This retrospective cohort study assembled electronic health record (EHR) data from the Veterans Health Administration Corporate Data Warehouse (CDW). The VA Central Texas Veterans Healthcare System Institutional Review Board granted a waiver of consent for this record review. Eligible patients were Vietnam-era veterans who were in the military during the time that AO was used (1961-1971). Veterans were included if they were being cared for and received a diagnosis for MGUS or MM between October 1, 2009, and September 30, 2015 (all prevalent cases fiscal years 2010-2015). Cases were excluded if there was illogical death data or if age, race, ethnicity, body mass index (BMI), or prior-year diagnostic data were missing.
Patients were followed through April 2020. Presence of MGUS was defined by the International Classification of Diseases, Ninth Revision (ICD-9) diagnosis code 273.1. MM was identified by ICD-9 diagnosis codes 203.00, 203.01, and 203.02. The study index date was the earliest date of diagnosis of MGUS or MM in fiscal years 2010-2015. It was suspected that some patients with MM may have had a history of MGUS prior to this period. Therefore, for patients with MM, historical diagnosis of MGUS was extracted going back through the earliest data in the CDW (October 1999). Patients diagnosed with both MGUS and MM were considered transformation patients.
Other measures included age at index date, sex, race, ethnicity, VA priority status (a value 1 to 8 summarizing why the veteran qualified for VA care, such as military service-connected disability or very low income), and AO exposure authenticated per VA enrollment files and disability records. Service years were separated into 1961 to 1968 and 1969 to 1971 to match a change in the formulation of AO associated with decreased carcinogenic effect. Comorbidity data from the year prior to first MGUS/MM diagnosis in the observation period were extracted. Lifestyle factors associated with development of MGUS/MM were determined using the following codes: obesity per BMI calculation or diagnosis (ICD-9, 278.0), tobacco use per diagnosis (ICD-9, 305.1, V15.82), and survival from MGUS/MM diagnosis index date to date of death from any cause. Comorbidity was assessed using ICD-9 diagnosis codes to calculate the Charlson Comorbidity Index (CCI), which includes cardiovascular diseases, diabetes mellitus, liver and kidney diseases, cancers, and metastatic solid tumors. Cancers were omitted from our adapted CCI to avoid collinearity in the multivariable models. The theoretical maximum CCI score in this study was 25.12,13 Additional conditions known to be associated with variation in outcomes among veterans using the VA were indicated, including major depressive disorder, posttraumatic stress disorder (PTSD), alcohol use disorder (AUD), substance use disorder (SUD), and common chronic disease (hypertension, lipid disorders).14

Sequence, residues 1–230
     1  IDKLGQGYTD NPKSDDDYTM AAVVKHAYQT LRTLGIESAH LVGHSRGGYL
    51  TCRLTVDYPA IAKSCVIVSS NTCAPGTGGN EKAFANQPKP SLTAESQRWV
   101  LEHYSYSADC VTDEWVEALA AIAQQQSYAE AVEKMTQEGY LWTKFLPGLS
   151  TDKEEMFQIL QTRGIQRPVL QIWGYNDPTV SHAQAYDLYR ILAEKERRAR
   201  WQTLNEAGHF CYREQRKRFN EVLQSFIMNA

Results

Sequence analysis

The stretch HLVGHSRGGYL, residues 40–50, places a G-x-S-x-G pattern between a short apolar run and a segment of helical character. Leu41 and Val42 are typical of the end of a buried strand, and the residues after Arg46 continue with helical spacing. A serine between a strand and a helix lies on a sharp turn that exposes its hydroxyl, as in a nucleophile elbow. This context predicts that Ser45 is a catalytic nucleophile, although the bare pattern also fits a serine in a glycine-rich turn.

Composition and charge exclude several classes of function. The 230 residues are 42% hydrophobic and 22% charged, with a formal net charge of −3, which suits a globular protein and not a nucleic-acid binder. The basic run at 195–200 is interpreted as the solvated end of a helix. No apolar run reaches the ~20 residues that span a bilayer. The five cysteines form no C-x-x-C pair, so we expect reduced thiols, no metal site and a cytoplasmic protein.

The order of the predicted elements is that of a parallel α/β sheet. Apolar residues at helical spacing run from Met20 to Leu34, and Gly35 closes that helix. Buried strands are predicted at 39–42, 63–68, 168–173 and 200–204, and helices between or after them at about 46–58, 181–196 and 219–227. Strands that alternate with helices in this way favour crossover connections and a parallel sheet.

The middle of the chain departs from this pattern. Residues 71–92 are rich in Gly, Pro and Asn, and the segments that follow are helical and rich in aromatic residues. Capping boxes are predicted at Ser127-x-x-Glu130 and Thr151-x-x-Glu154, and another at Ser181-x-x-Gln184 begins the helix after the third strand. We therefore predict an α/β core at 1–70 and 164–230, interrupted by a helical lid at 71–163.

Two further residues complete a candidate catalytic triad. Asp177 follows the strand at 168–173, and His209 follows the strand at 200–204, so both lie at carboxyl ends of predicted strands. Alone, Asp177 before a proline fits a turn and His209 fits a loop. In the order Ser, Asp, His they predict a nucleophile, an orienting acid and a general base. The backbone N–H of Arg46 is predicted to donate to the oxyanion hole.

Treatment with autologous HSCT was defined by Current Procedural Terminology and ICD-9 Clinical Modification procedure codes for bone marrow and autologous HSCT occurring at any time in the CDW (eAppendix). Days elapsed from MM diagnosis to HSCT were calculated.